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Archive for Saturday, February 6, 2010

U.S. says ambushed outpost left vulnerable

February 6, 2010

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— Most of the soldiers were still asleep when gunfire rang out and insurgents stormed their isolated hilltop base from all sides, killing eight Americans and three Afghan soldiers.

The Americans weren’t even supposed to be there. Combat Outpost Keating had been scheduled to be closed months before the Oct. 3 assault. A U.S. military investigation released Friday blamed lapses in oversight and a delay in closing the remote outpost for one of the heaviest American combat losses in a single engagement during the Afghan war.

The findings demonstrate the increasing vulnerability of the Americans and their NATO allies, even as 37,000 U.S. and NATO reinforcements pour into the country. U.S. troops increasingly partner with Afghan forces — often living in joint outposts that are thinly manned and more exposed than larger bases.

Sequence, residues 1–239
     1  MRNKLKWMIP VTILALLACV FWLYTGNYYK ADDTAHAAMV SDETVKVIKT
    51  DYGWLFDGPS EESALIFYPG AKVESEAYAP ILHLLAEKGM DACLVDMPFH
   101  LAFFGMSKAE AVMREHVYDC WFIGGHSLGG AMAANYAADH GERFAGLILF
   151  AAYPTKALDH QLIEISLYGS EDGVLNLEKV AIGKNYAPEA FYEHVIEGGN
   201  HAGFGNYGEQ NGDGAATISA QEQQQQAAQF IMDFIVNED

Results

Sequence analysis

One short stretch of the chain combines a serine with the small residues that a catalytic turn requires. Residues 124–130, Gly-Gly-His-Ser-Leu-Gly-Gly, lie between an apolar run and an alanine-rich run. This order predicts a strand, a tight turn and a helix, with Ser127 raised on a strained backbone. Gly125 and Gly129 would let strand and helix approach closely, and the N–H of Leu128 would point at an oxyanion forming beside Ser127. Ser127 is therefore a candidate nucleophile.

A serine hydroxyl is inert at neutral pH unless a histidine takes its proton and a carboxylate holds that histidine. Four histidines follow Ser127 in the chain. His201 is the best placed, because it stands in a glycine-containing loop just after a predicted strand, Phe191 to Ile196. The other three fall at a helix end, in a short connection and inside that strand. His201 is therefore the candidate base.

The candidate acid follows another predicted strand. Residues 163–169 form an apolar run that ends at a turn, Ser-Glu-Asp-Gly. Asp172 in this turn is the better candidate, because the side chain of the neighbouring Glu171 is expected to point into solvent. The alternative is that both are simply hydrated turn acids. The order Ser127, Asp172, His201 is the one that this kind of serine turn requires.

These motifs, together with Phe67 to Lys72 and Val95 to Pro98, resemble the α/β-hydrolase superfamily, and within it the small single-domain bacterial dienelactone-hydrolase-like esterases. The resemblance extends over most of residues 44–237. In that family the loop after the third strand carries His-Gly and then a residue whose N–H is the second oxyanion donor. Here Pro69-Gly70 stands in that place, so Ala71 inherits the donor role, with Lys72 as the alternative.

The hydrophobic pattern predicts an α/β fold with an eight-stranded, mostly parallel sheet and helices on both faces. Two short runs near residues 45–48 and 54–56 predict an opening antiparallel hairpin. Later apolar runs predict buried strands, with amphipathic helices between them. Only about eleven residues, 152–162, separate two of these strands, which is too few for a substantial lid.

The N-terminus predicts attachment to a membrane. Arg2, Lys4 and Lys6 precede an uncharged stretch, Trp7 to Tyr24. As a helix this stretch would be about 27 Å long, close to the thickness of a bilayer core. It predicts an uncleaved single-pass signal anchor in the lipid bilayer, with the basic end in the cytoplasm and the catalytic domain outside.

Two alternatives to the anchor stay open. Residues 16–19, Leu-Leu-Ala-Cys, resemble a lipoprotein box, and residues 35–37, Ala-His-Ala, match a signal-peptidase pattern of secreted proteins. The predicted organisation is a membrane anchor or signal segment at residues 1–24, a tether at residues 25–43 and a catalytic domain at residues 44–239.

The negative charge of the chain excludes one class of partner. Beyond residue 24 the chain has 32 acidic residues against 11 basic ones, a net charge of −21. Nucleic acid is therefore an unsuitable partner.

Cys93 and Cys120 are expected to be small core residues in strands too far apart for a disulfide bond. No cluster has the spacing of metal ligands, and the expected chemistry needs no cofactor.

The readiness of Afghan forces to take over their own security so foreign troops can leave is a key component of President Barack Obama’s war strategy.

The gunbattle broke out when an estimated 300 insurgents — five times the number of defenders — stormed the base with rocket-propelled grenades, mortars and guns just before 6 a.m. in mountainous Nuristan province near the Pakistan border.

Afghan soldiers failed to hold their position on the eastern side of the compound and insurgents penetrated the outpost’s perimeter at three locations, according to the report.

The U.S. soldiers “heroically repelled a complex attack” after calling in air support, the report said.

When the fighting was over, about 150 insurgents were dead, along with the eight Americans and three Afghan soldiers. It marked the heaviest U.S. loss of life in a firefight since July 2008, when nine American soldiers were killed in a similar raid on an isolated outpost in Wanat in the same province.

The report recommended administrative actions “to address shortcomings in command oversight” that contributed to the attack and said U.S. Gen. Stanley McChrystal, the top NATO commander, has taken appropriate action regarding Army personnel involved.

The command did not identify those involved or specify any punitive measures, citing privacy laws.

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